Married Margaret Roses Frances (Daisy) Voules
28 October 1901
St. Mary's Church, Kuala Lumpur
The Wedding, Another Account
As extracted from Malay Mail, 30 October 1901
The morning broke fair and cloudless, as it always does in books, and from an early hour it was evident that something unusual was about to happen. The little town of Kuala Lumpur nestling-but we have not space for that. Bunting and triumphal arches relieved the monotony of the main streets; sprigs of orange blossom peeped forth from the shop windows, and even the touchangs of the rikisha coolies were tied up with pink ribbon (the bride’s favourite colour). The cricket Tambi, sporting what appeared to be a clean sarong for the occasion, soon gave up even pretending to relay the pitch, and joined the crowd which was rapidly gathering in the vicinity of the Church.
The early door was not advertised to open till 12 o’clock, but long before that time a patient queue had formed, waiting under the scorching sun for something to turn up. At the Federal Mess, those incidents, without which no well-regulated wedding is complete, the lost safety pins, the dog-benibbled wedding cake, the nonchalance of the Boys, and the knavery of the Family Dhobi, all had their turn. The Union Jack flew gaily from the Tower, and the Lodge Gates were besieged by a group of people eager to catch the first glimpse of the procession. Through the courtesy of the Best Man we are able to publish the official time-table, which will give some idea what was meant to take place. It runs as follows:-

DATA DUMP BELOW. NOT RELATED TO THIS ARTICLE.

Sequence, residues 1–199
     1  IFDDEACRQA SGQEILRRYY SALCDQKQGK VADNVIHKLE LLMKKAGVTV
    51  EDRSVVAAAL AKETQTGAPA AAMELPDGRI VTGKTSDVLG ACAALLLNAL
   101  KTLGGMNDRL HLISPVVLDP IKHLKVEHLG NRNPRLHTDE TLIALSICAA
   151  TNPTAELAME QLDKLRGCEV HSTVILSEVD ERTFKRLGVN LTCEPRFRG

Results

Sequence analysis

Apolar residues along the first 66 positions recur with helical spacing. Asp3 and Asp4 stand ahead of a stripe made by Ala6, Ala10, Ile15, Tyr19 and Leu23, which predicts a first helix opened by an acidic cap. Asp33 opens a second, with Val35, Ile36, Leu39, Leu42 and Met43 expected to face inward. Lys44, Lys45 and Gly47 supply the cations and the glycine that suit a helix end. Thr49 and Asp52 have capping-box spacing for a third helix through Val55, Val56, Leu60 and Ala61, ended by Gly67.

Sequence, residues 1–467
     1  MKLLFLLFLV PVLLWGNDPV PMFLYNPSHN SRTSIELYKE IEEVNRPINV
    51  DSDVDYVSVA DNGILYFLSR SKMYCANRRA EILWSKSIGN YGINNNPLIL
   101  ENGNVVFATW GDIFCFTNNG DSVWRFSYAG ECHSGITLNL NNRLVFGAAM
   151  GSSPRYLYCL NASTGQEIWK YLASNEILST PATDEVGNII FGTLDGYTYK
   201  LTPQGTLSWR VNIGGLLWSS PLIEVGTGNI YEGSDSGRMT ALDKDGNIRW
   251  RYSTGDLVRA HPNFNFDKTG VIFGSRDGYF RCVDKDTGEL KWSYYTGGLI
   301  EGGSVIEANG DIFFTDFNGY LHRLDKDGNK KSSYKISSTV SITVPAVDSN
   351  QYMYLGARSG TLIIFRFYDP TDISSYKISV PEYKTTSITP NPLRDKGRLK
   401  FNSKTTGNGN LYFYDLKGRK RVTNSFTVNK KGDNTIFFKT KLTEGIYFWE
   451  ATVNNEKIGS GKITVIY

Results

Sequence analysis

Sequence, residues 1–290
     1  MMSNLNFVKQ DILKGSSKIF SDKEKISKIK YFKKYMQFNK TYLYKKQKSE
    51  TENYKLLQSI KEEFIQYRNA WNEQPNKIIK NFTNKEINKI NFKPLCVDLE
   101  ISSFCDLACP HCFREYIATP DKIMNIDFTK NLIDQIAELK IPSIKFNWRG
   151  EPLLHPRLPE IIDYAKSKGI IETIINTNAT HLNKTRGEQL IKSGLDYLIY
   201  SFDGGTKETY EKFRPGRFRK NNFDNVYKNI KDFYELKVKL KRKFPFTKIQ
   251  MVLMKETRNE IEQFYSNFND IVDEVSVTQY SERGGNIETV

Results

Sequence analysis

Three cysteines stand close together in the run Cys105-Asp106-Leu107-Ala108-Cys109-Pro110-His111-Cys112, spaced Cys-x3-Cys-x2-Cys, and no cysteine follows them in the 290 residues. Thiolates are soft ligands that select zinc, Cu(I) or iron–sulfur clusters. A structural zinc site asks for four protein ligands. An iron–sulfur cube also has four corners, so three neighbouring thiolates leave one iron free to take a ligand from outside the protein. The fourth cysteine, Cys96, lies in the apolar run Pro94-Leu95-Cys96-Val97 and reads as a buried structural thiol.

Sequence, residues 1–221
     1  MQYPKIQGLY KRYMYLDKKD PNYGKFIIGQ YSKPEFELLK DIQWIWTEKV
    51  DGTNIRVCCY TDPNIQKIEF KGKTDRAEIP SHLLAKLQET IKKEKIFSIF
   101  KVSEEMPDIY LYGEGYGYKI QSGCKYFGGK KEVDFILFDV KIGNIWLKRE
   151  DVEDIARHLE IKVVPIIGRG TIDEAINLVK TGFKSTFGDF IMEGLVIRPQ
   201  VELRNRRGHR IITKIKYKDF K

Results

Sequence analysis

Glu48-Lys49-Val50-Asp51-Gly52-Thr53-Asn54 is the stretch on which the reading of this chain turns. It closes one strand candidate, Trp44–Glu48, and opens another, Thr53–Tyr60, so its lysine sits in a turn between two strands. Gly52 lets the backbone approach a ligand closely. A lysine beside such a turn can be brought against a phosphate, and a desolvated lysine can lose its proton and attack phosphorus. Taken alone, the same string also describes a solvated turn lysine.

7 a.m. Feu de joie and gin slings on the Upper Terrace.
7 30 a.m. Opening for the first bottle.
8 a.m. Service for the family in the Private Chapel.
10 a.m. The Castle Grounds will be thrown open to the public. Visitors are requested not to walk on the grass, or pick the flowers or frighten the deer in the Park.
11 a.m. The band of the Selangor Volunteers, of which Mr. Hubback is Hon. Colonel, will play selections in the Pisang Gardens.
11.30 1.m. Presentation of plate with an illuminated address from the Tenants on the Estate.
Mid-day. Knife and Fork tiffin for the tradesman. The mayor and corporation in their robes of office will be present.
1.15 p.m Service in the Cathedral. Fully choral. Anthem “ There’s a Home” by the Troupe.
2 p.m. Reception at the Castle.
3 p.m. The Family Coach conveys the happy pair and a modicum of antique footgear to the Central (Police) station.
3.15 p.m. They leave by the Mail en roué for a fashionable watering place.
3.30 p.m. The guests depart from the Castle(or at any rate ought to).
4 p.m. Treat to the Sunday school children in the courtyard.
6.30 p.m. Oranges and a slice of cake are awarded to the survivors.
9.30 p.m. Servants Ball in the Picture Gallery. Tickets, $1 including lime squash, may be obtained from the Federal cook or Tukang Ayer. Ladies free if accompanied by gentlemen.
11 p.m. Grand display of fireworks, with Biograph. The Fire-brigade will be in attendance.
12 p.m. Up goes the Federal Balloon.
12.30 p.m The public will be thrown out of the Castle grounds.